Statement of Purpose
We determined the hit probability of a dart by throwing it onto a fixed target one hundred times.
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- (a) The probability that the dart will hit in ring four is 16 out of 100. A dart will be most likely to hit the bulls-eye about 5 cm from it. (b) Our graph has a spike in hits on the ring. Also, the graph in figure two has more of a curve that goes up at the end, and ours goes down at the end.
- (a) The probability of a hit in any given unit area on the target varies with the distance of that area from the bulls-eye because of the positioning. The person that his higher up could be over the target differently than a person that is shorter. I would but it towards outside, because the outer-most rings got the most hits. c) Our hit density curve has a spike in it, while the one in figure three does not.
- (a) No, because it varies from person to person, based on height and distance from the person and the target. Also, whether they aimed or not. (b) No, because they are in different groups.
- (a) Quadrant 1 has 25 hits in it, quadrant 2 had 25 hits in it, quadrant 3 has 26 hits in it, and quadrant 4 has 24 hits in it. (b) We were almost exactly even in each quadrant, and we did not favor any certain quadrant over the other by very much.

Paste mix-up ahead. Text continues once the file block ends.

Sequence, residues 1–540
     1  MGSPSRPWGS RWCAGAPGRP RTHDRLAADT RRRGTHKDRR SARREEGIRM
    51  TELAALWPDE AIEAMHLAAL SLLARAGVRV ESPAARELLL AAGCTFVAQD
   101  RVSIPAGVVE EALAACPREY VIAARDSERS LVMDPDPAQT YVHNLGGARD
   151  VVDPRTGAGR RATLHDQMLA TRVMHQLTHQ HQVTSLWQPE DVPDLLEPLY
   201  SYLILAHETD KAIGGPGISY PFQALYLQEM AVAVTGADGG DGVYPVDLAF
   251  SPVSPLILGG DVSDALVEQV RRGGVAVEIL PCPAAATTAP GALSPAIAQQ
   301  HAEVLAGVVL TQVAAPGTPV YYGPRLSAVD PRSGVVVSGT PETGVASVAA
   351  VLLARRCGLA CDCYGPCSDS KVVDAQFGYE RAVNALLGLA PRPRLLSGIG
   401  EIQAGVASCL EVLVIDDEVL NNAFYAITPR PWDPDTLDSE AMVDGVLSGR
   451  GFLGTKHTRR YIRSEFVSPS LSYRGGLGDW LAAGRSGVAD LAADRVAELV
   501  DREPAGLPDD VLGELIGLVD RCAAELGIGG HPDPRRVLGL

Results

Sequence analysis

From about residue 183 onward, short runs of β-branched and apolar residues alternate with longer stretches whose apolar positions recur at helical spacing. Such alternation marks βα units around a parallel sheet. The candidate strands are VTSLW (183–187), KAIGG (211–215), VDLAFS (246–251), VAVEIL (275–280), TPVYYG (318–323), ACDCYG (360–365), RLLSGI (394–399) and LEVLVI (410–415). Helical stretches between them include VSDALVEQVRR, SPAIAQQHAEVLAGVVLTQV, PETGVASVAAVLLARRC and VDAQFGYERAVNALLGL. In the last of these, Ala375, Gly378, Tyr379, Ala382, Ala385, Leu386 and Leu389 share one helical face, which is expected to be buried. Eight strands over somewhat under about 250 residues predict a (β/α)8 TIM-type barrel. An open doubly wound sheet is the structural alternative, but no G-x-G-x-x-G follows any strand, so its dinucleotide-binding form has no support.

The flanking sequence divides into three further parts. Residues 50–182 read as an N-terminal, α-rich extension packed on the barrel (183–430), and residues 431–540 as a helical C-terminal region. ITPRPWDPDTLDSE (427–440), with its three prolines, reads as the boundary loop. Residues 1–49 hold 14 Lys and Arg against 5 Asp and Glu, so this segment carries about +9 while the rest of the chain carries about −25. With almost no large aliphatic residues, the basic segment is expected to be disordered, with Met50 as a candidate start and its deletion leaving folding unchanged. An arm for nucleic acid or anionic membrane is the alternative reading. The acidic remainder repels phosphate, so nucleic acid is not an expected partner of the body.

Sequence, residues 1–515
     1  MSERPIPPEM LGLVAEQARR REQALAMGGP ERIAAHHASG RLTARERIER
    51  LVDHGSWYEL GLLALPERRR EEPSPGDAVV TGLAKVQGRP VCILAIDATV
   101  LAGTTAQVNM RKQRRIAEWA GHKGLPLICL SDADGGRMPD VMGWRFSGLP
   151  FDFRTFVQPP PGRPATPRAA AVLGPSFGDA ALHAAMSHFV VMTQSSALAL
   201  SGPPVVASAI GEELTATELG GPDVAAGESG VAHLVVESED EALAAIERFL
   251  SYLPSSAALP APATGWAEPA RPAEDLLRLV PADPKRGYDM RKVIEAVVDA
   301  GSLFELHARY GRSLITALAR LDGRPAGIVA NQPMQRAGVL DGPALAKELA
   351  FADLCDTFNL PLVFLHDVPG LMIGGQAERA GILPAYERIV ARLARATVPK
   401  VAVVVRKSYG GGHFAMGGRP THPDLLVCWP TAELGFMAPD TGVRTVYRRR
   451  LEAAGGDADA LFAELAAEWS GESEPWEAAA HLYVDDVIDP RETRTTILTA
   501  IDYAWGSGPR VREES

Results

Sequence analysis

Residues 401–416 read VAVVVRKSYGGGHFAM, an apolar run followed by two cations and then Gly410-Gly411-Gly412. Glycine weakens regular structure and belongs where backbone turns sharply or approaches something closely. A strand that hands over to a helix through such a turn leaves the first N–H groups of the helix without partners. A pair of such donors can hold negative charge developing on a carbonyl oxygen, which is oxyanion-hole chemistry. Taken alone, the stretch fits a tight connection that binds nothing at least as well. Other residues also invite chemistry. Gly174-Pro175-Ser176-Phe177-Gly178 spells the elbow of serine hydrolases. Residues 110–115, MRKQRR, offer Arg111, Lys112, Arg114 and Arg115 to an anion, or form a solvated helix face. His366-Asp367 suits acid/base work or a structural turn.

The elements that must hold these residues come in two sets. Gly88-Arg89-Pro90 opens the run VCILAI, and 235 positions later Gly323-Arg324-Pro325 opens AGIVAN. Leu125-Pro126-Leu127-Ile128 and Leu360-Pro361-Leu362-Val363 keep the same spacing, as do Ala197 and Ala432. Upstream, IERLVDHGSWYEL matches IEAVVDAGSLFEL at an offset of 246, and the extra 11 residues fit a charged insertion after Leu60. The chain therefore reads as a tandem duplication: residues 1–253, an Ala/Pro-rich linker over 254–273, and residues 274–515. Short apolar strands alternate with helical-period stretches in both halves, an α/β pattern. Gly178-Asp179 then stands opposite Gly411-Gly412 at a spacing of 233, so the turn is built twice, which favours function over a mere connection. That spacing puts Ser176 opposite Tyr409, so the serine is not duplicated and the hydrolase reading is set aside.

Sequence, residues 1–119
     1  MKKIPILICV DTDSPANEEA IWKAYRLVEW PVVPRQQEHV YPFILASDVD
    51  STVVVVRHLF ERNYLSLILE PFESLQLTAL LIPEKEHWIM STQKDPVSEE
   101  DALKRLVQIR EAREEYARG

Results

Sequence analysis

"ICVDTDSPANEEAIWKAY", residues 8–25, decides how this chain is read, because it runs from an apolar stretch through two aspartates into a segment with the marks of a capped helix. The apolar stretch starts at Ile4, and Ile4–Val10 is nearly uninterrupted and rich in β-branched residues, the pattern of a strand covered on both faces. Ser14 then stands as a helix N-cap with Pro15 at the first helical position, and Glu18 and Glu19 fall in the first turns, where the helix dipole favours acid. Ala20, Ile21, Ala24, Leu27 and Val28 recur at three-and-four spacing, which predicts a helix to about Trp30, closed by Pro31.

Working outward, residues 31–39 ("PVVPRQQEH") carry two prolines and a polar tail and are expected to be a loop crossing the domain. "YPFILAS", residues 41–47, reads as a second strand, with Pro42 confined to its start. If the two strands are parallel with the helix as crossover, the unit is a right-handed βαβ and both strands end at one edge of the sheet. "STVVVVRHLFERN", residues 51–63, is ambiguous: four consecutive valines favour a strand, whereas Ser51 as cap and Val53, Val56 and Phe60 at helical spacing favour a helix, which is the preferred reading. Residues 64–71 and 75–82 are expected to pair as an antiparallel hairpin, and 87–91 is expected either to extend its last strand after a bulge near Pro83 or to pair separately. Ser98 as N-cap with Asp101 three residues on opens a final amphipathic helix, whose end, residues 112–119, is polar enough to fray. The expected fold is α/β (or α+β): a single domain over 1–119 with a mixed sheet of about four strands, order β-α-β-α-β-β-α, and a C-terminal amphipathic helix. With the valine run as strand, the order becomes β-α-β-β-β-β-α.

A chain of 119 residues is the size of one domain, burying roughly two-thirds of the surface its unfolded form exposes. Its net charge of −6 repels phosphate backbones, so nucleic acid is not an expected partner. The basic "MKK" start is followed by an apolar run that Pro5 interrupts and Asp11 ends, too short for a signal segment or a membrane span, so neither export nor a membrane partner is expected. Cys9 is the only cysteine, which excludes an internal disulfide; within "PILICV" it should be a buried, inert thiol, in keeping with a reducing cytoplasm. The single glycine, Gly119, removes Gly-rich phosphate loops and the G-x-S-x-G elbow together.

on Electron Probability Lab Report
ELECTRON PROBABILITY LAB ELECTRON PROBABILITY LAB The position of an electron in an atom at a given moment cannot be predicted. The region of space in which the electron can probably be found is called an orbital Orbitals are often referred to as “electron clouds” because they are not absolute.
ELECTRON PROBABILITY LAB The position of an electron in an atom at a given moment cannot be predicted. The region of space in which the electron can probably be found is called an orbital Orbitals are often referred to as “electron clouds” because they are not absolute.
In this lab, you will use a felt-tip marker and a target to investigate the probability distribution of marks about a central point. This two-dimensional model will help you better understand the three-dimensional distribution of the electron in the ground state orbital of hydrogen. PROCEDURE Place your target on a notebook on the floor.
Because of these uncertainties, the exact path that an electron follows cannot be determined. Instead, the quantum-mechanical model for the atom gives the probabilities of finding an electron in a particular region around the nucleus. In this experiment, we model the probable locations of electrons around the nucleus.
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